“The tournament fields consist of 160 players and representing 40 states and several countries,” he said. “The players and support staff managing the tournament are staying on the Hammock Coast anywhere from four to seven days. That’s a lot of introductions to our area and a lot of ‘heads in beds’.”
Players in the tournament expressed their appreciation, too.
Ethan Smith from Pass Christian, Mississippi, who was staying at the Litchfield Beach and Golf Resort with his team, said he was enjoying his time at True Blue and the Hammock Coast.
“I have visited Hilton Head and Kiawah, but this is my first time here on the Hammock Coast for a golf tournament,” Smith said. “I’m excited to be here. It’s nice.”
He added that the tournament organizers did a great job bringing all of the golfers together. “They try to make a good mix as a challenge for us mid-amateur players, guys over 25 who may have careers in other areas, but still like to do a little competitive golf,” he said. “They have made it extremely competitive, but also fun for everyone.”
Domingo Jojola, from Sacramento, California, said this was his first time to the Hammock Coast, also.
“The golf course is very nice, and the people are very friendly,” he said. “The only thing we’ve had to get used to is the humidity. We don’t have it in California like you guys do over here.”
Draegen Majors and Marcus Jones, both from Dallas, Texas, said they were glad to be at the tournament.
“This is the first time I’ve been here, but this place is fantastic,” Majors said. “This is a beautiful little beach town.”
Jones commented that the Hammock Coast is much different than the Myrtle Beach area, which is several miles to the north of Pawleys Island and the Hammock Coast. He described the True Blue golf course as “awesome.”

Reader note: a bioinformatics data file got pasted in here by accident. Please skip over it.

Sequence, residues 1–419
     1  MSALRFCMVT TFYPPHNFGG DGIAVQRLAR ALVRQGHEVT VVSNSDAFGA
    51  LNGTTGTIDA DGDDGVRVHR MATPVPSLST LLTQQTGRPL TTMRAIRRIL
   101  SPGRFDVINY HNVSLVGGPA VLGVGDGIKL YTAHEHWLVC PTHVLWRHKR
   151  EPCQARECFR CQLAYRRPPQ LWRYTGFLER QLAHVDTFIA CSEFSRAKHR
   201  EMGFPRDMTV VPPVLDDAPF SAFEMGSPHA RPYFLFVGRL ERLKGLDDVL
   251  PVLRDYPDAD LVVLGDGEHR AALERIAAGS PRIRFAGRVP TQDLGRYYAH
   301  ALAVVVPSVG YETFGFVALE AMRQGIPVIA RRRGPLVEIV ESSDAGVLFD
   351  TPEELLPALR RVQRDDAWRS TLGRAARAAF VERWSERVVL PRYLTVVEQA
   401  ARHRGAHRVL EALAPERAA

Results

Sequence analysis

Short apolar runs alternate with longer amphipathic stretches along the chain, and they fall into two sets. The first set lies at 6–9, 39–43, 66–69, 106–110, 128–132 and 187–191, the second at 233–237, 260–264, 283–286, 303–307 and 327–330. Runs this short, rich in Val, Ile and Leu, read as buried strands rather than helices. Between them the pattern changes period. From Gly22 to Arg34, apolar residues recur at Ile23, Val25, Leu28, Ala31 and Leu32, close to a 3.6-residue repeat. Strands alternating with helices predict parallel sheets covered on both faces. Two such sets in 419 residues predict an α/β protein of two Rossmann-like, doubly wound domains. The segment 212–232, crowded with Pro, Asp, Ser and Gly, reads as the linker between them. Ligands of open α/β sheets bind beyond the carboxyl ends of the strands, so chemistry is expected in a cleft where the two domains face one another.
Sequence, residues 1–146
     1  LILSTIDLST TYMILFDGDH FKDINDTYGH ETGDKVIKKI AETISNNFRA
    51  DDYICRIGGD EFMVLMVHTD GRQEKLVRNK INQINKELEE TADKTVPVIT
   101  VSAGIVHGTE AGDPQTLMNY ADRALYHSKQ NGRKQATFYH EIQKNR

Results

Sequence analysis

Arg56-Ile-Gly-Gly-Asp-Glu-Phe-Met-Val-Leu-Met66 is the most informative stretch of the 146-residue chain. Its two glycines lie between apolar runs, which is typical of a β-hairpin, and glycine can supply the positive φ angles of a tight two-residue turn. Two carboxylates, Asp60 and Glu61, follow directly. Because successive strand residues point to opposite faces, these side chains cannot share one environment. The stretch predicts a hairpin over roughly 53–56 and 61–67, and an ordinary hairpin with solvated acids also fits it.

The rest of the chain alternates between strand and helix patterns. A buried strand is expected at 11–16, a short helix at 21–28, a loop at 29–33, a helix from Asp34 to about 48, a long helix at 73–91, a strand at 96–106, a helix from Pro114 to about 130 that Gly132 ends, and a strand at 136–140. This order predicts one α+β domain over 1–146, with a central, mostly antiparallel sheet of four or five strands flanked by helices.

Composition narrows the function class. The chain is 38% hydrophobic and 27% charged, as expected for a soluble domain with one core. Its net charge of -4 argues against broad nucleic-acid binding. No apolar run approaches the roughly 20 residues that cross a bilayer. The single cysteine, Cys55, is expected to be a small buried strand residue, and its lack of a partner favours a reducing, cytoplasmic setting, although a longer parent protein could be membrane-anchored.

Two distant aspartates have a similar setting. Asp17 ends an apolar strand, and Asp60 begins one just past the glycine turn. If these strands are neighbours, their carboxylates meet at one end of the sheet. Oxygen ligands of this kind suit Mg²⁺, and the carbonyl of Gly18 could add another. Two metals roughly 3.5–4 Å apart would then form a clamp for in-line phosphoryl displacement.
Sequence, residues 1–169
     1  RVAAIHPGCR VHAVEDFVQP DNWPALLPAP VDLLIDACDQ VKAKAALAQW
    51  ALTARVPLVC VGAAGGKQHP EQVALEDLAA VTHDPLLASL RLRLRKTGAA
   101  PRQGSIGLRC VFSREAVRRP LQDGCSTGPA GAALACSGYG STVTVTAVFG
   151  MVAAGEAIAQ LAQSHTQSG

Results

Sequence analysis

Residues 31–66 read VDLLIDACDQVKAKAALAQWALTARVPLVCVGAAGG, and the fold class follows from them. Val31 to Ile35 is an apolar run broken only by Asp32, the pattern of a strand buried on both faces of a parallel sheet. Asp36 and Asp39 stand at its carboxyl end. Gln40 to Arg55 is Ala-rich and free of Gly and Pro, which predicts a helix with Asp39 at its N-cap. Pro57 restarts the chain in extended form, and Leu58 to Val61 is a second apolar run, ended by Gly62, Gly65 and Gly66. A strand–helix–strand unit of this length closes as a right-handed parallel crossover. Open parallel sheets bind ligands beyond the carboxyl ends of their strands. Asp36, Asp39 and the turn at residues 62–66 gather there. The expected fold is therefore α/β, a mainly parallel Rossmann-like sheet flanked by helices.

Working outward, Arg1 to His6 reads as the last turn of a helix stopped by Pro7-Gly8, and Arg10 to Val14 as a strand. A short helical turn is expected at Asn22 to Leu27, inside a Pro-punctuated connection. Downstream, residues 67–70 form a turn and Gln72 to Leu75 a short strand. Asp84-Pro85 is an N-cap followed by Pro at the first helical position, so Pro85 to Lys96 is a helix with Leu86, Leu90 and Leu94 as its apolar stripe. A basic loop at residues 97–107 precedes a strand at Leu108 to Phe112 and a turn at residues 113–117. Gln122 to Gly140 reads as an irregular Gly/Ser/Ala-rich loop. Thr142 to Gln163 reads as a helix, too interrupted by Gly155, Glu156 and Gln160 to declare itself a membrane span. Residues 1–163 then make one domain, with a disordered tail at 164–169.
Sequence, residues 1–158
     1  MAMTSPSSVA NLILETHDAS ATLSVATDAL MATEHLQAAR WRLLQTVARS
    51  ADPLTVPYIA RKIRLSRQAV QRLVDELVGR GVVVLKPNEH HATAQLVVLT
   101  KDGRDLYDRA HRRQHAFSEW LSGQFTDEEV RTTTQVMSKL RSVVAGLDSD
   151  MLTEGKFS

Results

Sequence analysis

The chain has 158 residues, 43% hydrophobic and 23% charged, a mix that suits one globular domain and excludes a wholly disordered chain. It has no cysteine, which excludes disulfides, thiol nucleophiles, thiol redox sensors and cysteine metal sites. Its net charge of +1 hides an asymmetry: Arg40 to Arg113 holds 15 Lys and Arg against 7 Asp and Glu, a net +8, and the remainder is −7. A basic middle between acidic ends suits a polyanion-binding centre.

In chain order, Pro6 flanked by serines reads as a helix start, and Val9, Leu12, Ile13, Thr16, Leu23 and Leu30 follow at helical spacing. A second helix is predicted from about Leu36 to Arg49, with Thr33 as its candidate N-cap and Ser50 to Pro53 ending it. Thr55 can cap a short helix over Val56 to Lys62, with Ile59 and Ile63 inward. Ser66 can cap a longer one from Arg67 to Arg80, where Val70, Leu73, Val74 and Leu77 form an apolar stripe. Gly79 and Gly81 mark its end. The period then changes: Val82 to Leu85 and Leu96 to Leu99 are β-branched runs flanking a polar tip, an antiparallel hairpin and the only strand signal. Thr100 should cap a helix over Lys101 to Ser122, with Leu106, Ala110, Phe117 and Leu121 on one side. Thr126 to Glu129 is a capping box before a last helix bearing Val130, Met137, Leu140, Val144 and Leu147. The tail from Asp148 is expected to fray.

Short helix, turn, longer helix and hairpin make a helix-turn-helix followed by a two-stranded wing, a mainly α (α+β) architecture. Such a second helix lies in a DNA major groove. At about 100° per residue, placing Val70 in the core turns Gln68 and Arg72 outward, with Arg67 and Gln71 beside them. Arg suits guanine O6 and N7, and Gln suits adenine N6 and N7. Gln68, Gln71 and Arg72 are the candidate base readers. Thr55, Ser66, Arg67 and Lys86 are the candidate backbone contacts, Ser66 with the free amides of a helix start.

“I might have to bring the family back here one day,” he said.
Christian Arrington and Jeff Koch, with a team from Albuquerque, New Mexico, agreed.
“I’ve played in Myrtle Beach, but not on the Hammock Coast,” Arrington said. “Now that we’ve gotten in a practice round, True Blue looks awesome.”
Koch said the Hammock Coast, with its laidback, quieter beaches and communities, was distinctly different than Myrtle Beach. “This area is a little more low-key,” he said. “It is more my speed, for sure.”
Koch added that he and his team were glad to be part of this event.
“It is just a cool opportunity for us since there are not a ton of tournaments for mid-ameteurs and seniors,” he said.
Golfers from overseas agreed. Derrick Paton from Scotland said he and his team were excited to compete with American golfers, who are currently the best in amateur and senior golf.
“I think it is a good way for us to get better, to improve our game, is to play with the best in the world and Americans are a lot better in the senior world, so hopefully we can catch up. This is a step to catch up.”
Rubin Kellock, who was with the British team, said they loved being here for this unique event.
“It is so difficult for us to play an event in America against Americans, so we seized the opportunity, Kellock said. “It’s the only way we are going to get better, coming out of our comfort zone and playing against you guys.”
Steven Jensen, who is also on the British team, added that they have enjoyed the variety of restaurants on the Hammock Coast. He was also impressed with the True Blue golf course.
“It is great fun because you’ve got 18 very different holes,” Jensen said. “You are never bored when you walk to the next tee. You’ve got quite the variety.”
About South Carolina’s Hammock Coast
Georgetown County’s casual charm and Southern hospitality earned it the nickname the Hammock Coast, where adventure and relaxation blend together in perfect harmony, like the flowing and ebbing of waves on the county’s famed beaches. With six communities – southern Garden City, Murrells Inlet, Litchfield Beach, Pawleys Island, Georgetown and Andrews – comprising the pristine coastal area between Myrtle Beach and Charleston, visitors can experience South Carolina’s Hammock Coast like never before.
— By Chris King and Clayton Stairs for South Carolina’s Hammock Coast